Montreal Mayor Valérie Plante says the city aims to make the long-standing Black Rock memorial site more accessible to the public.
In a private meeting with members of the Irish community on Wednesday, Plante reportedly said the city is willing to discuss relocating Bridge Street to allow the creation of a memorial park.
At the foot of the Victoria Bridge between two lanes of heavy traffic stands a three-metre-tall boulder erected in 1859 known as the Black Rock.
The headstone honours some 6,000 Irish souls who lay buried in unmarked graves in the city’s Sud-Ouest neighbourhood.
For decades, Montreal’s Irish community has been fighting to make the rock more accessible.
“If we were to go and try to touch the stone now, we couldn’t because of the traffic, so it’s so important to give access to the Irish to this very important headstone,” said Montreal Irish Memorial Park Foundation director Victor Boyle, who attended Wednesday’s meeting.
In the meeting between members of the Irish community and the city, Boyle says the mayor showed enthusiasm towards the idea of a future park in the area.
The Montreal Irish Memorial Park Foundation’s ideal green space would see Bridge Street diverted around the park, giving pedestrians access to the stone.
“It’s not an easy thing to move a road, but she is committed to doing the move if it is at all feasible,” Boyle said.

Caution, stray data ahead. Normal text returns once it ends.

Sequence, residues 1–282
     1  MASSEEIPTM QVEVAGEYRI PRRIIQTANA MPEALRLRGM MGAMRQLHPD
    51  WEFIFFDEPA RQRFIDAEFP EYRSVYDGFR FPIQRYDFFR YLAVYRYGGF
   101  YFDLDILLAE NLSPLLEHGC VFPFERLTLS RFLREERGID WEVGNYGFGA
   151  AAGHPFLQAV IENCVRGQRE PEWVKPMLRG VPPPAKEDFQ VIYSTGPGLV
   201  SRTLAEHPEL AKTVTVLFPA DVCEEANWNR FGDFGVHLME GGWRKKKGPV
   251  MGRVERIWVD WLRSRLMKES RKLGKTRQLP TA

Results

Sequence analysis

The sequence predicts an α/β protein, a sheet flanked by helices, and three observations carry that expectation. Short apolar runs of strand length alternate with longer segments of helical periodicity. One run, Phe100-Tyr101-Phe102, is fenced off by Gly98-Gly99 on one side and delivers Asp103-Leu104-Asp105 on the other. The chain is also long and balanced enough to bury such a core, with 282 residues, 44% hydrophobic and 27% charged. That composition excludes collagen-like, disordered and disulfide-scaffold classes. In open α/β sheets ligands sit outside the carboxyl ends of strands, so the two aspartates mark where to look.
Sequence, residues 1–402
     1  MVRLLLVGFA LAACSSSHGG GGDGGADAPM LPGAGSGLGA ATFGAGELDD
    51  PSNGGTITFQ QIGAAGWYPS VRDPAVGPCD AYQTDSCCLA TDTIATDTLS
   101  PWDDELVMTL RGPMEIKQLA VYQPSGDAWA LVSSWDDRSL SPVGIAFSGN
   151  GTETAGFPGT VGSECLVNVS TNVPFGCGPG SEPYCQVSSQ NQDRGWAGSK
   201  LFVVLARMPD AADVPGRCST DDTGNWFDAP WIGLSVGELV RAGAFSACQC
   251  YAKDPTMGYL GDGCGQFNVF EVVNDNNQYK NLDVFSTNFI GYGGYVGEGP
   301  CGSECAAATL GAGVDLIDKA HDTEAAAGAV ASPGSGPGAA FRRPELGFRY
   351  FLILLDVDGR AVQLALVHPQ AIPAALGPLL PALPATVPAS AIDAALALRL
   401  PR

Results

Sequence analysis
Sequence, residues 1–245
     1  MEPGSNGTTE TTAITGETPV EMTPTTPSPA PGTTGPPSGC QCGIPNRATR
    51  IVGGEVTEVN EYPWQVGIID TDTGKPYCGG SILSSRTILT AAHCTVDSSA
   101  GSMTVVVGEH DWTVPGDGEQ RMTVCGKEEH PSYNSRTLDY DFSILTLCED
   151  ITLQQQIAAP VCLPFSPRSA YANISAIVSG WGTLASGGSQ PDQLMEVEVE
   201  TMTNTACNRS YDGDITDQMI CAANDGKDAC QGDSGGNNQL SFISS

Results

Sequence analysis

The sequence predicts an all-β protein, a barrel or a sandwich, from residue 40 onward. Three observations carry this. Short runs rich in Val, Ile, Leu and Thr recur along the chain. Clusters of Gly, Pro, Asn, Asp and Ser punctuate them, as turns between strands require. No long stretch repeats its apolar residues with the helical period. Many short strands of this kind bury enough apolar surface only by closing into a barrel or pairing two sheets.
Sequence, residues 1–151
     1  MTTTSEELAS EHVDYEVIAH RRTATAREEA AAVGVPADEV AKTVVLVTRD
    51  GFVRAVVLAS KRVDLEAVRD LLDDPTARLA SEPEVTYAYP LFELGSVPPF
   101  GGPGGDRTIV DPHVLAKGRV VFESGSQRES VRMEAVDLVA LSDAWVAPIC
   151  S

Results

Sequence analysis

“We take her at her word and we are very happy with the meeting.”
Plante, responding to the news, said the meeting was private and would not comment on what exactly was said behind closed doors, only saying: “Our goal as the city is to make sure that Black Rock is in a safe place that will be easily accessible. Right now it is not accessible.”
When asked about the possible reconfiguration of Bridge Street, Plante would not confirm but said: “There are different plans and different options — diverting Bridge Street was one of them.”
While optimism is high, nothing is set in stone surrounding the proposed park.
Hydro-Québec, which owns the land on which the memorial sits, has ceded 3.5 acres for the future green space.
Negotiations on costs and park layout have yet to be finalized.
“There are other considerations to bring into it, but we’re taking the steps and pushing down the blockade and we will absolutely have a proper memorial here,” Boyle said.